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The Joy Luck Club

by Amy Tan

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What does Waverly's tournament discussion with her mother reveal about her understanding of her mother's expectations?

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In "The Rules of the Game," a selection from Amy Tan's The Joy Luck Club, Waverly learns to play chess and also learns strategy from her mother just by observing the way her mother communicates and takes control of situations in her own life.

Waverly becomes quite skilled at chess and performs well in the exhibition tournaments, which her mother watches from the crowd. The pivotal moment in your question occurs about halfway through the story. Waverly explains,

A man who watched me play in the park suggested that my mother allow me to play in local chess tournaments. My mother smiled graciously, an answer that meant nothing. I desperately wanted to go, but I bit back my tongue. I knew she would not let me play among strangers. So as we walked home I said in a small voice that I didn't want to play in the local tournament. They would have American rules. If I lost, I would bring shame on my family.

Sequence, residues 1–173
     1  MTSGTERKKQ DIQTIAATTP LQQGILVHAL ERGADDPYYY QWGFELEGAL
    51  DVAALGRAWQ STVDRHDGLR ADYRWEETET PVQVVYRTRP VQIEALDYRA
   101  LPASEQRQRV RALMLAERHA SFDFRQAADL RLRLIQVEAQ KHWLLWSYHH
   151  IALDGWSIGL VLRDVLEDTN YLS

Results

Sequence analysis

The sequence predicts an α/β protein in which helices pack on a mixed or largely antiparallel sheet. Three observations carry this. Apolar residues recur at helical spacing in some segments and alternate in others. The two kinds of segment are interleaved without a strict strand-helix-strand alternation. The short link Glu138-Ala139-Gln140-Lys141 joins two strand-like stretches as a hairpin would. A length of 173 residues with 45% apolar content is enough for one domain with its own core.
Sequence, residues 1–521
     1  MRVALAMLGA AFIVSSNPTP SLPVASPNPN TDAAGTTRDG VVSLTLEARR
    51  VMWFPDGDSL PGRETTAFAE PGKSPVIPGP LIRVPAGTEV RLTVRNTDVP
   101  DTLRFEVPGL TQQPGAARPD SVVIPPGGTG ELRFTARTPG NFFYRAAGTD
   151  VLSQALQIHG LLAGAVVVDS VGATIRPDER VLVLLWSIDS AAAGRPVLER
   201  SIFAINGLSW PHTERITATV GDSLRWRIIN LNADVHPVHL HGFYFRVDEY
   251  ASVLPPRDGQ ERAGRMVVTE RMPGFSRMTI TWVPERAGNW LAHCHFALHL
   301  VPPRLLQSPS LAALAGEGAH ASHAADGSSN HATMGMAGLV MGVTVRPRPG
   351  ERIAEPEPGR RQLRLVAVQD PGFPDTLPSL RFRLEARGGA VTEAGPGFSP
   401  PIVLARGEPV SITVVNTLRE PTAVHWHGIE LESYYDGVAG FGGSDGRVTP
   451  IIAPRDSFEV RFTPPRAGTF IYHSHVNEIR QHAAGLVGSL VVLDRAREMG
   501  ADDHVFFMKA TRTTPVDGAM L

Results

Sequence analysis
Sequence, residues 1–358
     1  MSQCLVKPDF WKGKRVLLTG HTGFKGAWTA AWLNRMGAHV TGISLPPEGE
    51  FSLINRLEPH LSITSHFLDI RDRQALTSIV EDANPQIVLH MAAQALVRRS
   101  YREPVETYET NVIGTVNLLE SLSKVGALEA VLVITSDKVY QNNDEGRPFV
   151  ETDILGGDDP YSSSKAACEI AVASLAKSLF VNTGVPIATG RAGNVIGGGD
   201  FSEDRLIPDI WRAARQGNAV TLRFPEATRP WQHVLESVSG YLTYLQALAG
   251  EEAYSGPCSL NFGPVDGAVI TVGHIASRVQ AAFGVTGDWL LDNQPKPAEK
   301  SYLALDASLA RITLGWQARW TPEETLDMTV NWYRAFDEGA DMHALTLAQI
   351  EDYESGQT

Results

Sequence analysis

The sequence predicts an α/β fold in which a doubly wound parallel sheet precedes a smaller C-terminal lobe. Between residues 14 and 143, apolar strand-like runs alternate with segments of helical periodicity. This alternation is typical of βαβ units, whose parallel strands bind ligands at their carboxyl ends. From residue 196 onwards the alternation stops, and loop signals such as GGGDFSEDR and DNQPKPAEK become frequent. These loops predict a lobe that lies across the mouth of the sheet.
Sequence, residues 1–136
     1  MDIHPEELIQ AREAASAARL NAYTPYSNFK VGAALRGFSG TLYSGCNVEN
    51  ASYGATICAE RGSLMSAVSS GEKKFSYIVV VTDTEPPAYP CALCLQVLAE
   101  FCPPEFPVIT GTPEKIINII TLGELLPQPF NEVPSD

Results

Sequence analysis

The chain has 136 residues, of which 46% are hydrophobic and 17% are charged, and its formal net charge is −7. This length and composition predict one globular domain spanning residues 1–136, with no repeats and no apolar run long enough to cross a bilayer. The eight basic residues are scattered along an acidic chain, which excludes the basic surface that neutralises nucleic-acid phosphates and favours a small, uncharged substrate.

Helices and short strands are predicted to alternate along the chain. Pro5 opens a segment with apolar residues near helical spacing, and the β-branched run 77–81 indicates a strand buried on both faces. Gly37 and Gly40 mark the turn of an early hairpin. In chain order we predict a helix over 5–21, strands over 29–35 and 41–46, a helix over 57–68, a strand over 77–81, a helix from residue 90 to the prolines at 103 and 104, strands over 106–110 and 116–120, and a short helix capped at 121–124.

"Is shame you fall down nobody push you," said my mother.

The man tells Waverly's mother that Waverly could do well in tournaments, which would have prizes and would be more formal competitions than the exhibition practice games. Waverly does not think her mother will approve, so she hedges and says she doesn't want to play, even though she "desperately wanted to go." To her surprise, Waverly's mother actually seems to support her participation in the tournaments. Her quote, "Is shame you fall down nobody push you," implies that Waverly will only bring shame to her family if she does not try. If she falls down without any push, she is lacking courage and that would be shameful. Waverly's conversation with her mother motivates her to sign up for the local tournaments, which her mother continues to attend and watch.

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